7. VHT AV-SP1-6
Here’s one of the most straightforward tube amps you’ll ever run across. With that in mind, don’t underestimate its clarity and output. The amp has one preamp tube and one output tube.
It only features volume and tone controls and a boost switch. So far, so good and very beginner-friendly. But oddly enough, this amp is best suited for seasoned guitar players. That’s because tVHT offers the amp’s schematics online.
That means that the VHT Special 6 is essentially a blank canvas for amp modders. You can customize it to your liking and make it a blues amp, a rock amp, even a small heavy metal amp for that matter.
Its actual tone is very reminiscent of the50’s Fender sound, which is an excellent starting point. And, the fact that you can choose between scooping the mids and boosting the highs makes it even better, in my opinion.
For a small-to-medium amplifier, the Monoprice 611815 packs quite a punch. It features three preamp tubes as well as two EL84 power tubes. It also boasts a Celestion 1215 speaker, which is quite impressive for a 15w amp.
Though the overall output is not window-shattering, the amount of clarity when you crank up the volume makes this a value purchase. The rear-ported design allows for some additional bass definition too and helps eliminate the mud that many similar clean combo amps seem to have in their sound.
This amp also has a low .5% total harmonic distortion. In terms of tone shaping, the amp is simplistic. It has a three-band EQ and controls for tone and reverb. Note that this is a single-channel model, so you’ll only have one gain and one master volume control.
The addition of a line input makes it an excellent choice for practicing and studying. That said, it does lack a headphone out, which means you won’t be able to play in silence or during the night.
Tube vs. Solid State
Let’s get one thing straight. Innovations in solid-state amp technology have allowed them to reproduce impressive clean guitar sounds. More and more manufacturers can replicate tube circuit processes better and better, and give their solid-state amps much more reliable, clean channels.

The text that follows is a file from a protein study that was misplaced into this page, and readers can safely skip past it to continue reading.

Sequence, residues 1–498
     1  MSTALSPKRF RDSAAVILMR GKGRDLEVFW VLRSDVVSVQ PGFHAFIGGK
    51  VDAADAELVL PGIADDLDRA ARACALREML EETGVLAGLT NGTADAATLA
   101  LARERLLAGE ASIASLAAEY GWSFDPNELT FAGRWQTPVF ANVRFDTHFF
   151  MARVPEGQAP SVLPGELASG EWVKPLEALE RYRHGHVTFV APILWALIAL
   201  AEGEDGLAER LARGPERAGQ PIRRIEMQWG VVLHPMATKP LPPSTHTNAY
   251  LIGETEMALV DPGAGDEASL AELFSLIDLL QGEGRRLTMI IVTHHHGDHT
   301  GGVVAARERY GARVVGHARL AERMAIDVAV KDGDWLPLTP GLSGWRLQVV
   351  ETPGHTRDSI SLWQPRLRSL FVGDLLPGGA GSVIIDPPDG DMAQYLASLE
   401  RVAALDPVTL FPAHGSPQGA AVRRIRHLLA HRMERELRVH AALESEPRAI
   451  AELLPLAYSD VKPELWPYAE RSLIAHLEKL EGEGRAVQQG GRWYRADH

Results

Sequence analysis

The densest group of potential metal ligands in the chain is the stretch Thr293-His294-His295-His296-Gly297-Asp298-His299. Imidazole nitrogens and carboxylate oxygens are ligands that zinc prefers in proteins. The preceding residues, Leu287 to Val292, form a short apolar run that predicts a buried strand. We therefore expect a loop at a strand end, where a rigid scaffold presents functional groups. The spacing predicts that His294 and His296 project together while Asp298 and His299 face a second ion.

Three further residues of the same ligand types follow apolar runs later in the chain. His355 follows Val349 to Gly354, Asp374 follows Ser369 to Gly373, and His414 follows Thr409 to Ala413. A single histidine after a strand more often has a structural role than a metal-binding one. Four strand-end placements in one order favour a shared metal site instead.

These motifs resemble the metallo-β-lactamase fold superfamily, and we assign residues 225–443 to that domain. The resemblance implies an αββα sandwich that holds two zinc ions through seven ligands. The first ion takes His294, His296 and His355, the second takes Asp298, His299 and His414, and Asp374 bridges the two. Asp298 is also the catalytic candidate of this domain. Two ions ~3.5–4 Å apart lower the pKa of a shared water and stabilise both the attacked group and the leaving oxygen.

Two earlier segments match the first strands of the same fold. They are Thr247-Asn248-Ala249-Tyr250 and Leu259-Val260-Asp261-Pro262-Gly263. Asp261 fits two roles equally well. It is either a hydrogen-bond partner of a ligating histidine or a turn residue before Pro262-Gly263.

That said, tube amps are still more responsive. They’re smoother and tend to produce better clean tones.
They also allow more control over the sound when you add pedals and tend to maintain the overall clarity and note separation better. Solid-state amps have their advantages too.
First of all, solid-state amps tend to be cheaper. And, even though this design may not be as loud watt per watt compared to tube amps, they are easier to repair and maintain. Other essential aspects include having access to more amp types, selectable power outputs, tone shaping, and so on.
It’s also worth pointing out that not everyone can tell the difference between tube and solid-state tones. You need a good ear for this, especially if you have high-end amplifiers on both sides.
Do You Need a Lot of Tone Shaping?
In my opinion, no. If you’re looking for clean amplifiers, a simple EQ will do, and you might not even need reverb, chorus, and other built-in effects.
Most guitarists simply add those via effect pedals anyway. But that doesn’t mean that having some extra tone-shaping options on the amp itself doesn’t add more value. Whether for practice purposes or just for jamming, it never hurts to have a more versatile amp that can convincingly represent more than one genre.
And, in the beginning, an amplifier with some tone shaping and modding features might be even better. That’s because choosing between effects pedals can be even more time consuming and costly in the long-run.
If you’re going to play live or record, then a tube amp pretty much becomes a must-have if your shooting for maximum quality. But, if you want something to practice on at home or the studio, then a solid-state amp will do the trick and cost you less.
That said, as you’ve seen in this article, there are some smaller tube amps on the market. Even under the 10-watt output mark, which means you can easily practice and get a high-quality tube sound on a reasonable budget.
But, those amps will be limited in what they can do for the price range. Especially when compared to solid-state models. Furthermore, you should consider the fact that at low volume levels, the differences in sound quality will be less noticeable.
Nice to Have Features
A headphone output will always be a great feature in a practice amp; some might argue mandatory even. Another feature to look for is the presence of the second speaker if you want to play and record in stereo on a single amp.
You could also look into amps with multiple channels and even preset channels if you’re a beginner and don’t know how to configure your tone. Of course, a boost switch or overdrive channel can also come in handy, especially when you lack effects to boost your sound for soloing.
Start Clean and Add Effects Later
It’s always best to start playing guitar as cleanly as possible and introduce effects and tone-shaping later. And, at the same time, if you do plan on using a large pedalboard, go with an amp that can reproduce the cleanest rendition of your guitar tone, first and foremost.
Tube amps, now and in the foreseeable future, will remain the standard when it comes to tonal clarity. But this doesn’t mean that a good solid-state won’t do a good job too, while also saving you a few bucks for new effects and accessories.